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Mortgage Rates Mixed and Unlikely to Change

Longer-term fixed rates moved up more this week than shorter-term rates. All signs point to little movement in fixed rates over the next seven days. While hybrid adjustable-rate mortgages were lower, the one-year ARM increased.

A 6-basis-point jump from last week left the 30-year, fixed-rate mortgage averaging 3.40 percent in Freddie Mac’s Primary Mortgage Market Survey for the week ended Jan. 10. The average 30 year was 49 BPS better than the same week during 2012.

Rates rose following Friday’s favorable employment report, according to Freddie Mac Chief Economist Frank Nothaft.

Mortgage rates are unlikely to be much different in Freddie’s next report based on Mortgage Daily’s analysis of this week’s Treasury market activity.

Data reported by the Department of the Treasury indicate that the yield on the 10-year Treasury note averaged 1.90 percent during the days that Freddie surveyed lenders for the latest report. The 10-year yield closed at 1.91 percent Thursday.

Also expecting no changes in mortgage rates over the next week were more than two thirds of Bankrate.com panelists for the week Jan. 10 to Jan. 16. A quarter predicted a decline of at least 3 BPS, and only 8 percent forecasted a rise.

In the U.S. Mortgage Market Index report from Optimal Blue and Mortgage Daily for the week ended Jan. 4, jumbo mortgages were priced at a 31-basis-point premium over conforming rates, the same as the previous week.

At 2.66 percent, the average 15-year, fixed-rate mortgage was just 2 BPS worse than the week ended Jan. 3. The more favorable movement for the shorter-term mortgage increased the spread between 15- and 30-year mortgages to 74 BPS from only 70 BPS in the previous report.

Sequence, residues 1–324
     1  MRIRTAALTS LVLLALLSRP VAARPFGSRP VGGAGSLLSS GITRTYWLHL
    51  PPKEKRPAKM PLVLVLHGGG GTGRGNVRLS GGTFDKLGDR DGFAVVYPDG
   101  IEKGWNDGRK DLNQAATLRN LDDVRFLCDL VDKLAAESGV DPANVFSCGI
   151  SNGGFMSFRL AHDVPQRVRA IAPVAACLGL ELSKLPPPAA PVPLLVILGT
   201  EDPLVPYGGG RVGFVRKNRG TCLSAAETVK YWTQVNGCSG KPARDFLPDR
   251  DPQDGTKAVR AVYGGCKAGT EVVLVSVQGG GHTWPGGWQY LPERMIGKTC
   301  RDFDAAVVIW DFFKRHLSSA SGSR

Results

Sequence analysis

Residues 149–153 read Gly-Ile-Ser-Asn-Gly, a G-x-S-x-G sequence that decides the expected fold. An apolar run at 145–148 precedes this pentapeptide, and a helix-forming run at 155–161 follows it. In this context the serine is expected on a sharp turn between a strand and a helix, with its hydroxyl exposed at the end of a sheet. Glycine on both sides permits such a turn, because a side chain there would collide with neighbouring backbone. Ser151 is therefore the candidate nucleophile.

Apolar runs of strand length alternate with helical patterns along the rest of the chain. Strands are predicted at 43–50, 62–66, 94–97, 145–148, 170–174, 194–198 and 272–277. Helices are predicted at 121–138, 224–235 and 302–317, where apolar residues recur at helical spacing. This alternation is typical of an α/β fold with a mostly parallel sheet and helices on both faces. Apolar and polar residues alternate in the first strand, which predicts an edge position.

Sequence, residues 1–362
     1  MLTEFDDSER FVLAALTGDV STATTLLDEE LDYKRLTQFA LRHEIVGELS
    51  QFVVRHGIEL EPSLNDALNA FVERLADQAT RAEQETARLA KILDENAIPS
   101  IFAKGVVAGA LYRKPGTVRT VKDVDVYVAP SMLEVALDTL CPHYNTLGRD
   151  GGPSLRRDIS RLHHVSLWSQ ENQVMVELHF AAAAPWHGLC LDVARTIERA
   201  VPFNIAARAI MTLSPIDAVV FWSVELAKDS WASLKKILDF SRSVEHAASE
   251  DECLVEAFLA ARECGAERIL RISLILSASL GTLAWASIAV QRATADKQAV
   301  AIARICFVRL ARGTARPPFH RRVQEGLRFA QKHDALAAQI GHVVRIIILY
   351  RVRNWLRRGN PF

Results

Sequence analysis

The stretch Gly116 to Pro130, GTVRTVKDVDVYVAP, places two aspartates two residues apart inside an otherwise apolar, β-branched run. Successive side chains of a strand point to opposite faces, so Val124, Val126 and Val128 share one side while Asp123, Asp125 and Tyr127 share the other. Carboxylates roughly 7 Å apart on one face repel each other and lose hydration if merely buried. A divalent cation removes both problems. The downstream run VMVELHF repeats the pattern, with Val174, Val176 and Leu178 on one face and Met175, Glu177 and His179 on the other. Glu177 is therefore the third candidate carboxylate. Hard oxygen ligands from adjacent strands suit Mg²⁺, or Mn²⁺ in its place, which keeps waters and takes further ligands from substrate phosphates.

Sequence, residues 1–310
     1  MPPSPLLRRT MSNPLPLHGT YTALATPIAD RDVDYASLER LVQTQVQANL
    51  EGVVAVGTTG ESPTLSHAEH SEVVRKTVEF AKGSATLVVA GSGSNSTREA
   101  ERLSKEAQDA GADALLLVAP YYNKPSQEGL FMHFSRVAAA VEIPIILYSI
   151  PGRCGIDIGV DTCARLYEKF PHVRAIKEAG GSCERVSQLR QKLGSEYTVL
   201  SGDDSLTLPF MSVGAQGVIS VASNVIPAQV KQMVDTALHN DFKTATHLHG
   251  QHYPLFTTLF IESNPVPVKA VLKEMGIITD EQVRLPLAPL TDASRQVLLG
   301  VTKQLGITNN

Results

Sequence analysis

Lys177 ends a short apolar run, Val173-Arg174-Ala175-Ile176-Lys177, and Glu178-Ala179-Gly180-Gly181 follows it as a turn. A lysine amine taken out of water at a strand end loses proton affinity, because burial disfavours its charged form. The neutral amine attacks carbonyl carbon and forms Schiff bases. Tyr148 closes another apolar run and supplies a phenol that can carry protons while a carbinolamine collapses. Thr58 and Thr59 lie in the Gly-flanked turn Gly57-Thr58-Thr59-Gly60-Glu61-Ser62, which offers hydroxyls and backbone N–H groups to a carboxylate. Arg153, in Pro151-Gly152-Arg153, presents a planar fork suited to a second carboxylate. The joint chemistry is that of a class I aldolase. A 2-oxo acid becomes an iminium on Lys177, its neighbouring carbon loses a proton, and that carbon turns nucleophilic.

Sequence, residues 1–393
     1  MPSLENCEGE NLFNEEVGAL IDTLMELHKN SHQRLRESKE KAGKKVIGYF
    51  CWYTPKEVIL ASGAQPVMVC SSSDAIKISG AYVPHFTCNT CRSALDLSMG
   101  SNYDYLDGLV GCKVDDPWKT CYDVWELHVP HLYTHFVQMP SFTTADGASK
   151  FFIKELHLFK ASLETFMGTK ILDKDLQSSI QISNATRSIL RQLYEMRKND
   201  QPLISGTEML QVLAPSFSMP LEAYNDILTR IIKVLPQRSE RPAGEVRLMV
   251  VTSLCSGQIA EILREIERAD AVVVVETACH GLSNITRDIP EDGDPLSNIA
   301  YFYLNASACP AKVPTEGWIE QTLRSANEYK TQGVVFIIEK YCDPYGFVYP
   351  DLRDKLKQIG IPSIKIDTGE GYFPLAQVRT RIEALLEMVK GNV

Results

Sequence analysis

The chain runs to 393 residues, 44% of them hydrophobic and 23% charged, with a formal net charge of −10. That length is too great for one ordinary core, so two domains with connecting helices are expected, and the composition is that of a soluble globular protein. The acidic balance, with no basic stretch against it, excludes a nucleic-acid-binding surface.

A decline of 4 BPS was reported by Freddie for the five-year, Treasury-indexed, hybrid ARM, which averaged 2.67 percent in the current report.

Freddie said that the average one-year Treasury-indexed ARM moved up to 2.60 percent from 2.57 percent seven days earlier. The one year averaged 2.76 percent in the week ended Jan. 12, 2012.

One-year ARM borrowers could benefit from a recent decline in the ARM index, the yield on the one-year Treasury note. The Treasury Department reported the one-year Treasury yield at 0.14 percent as of Thursday, down from 0.15 percent a week earlier.

The one-year Treasury yield wasn’t the only ARM index to retreat; the six-month London Interbank Offered Rate was also lower. Bankrate.com reported that LIBOR fell to 0.50 percent Wednesday from 0.51 percent a week earlier.

Nearly 3 percent of rate locks tracked in the latest Mortgage Market Index report were for ARMs. A week prior, ARM share was less than 2.5 percent.

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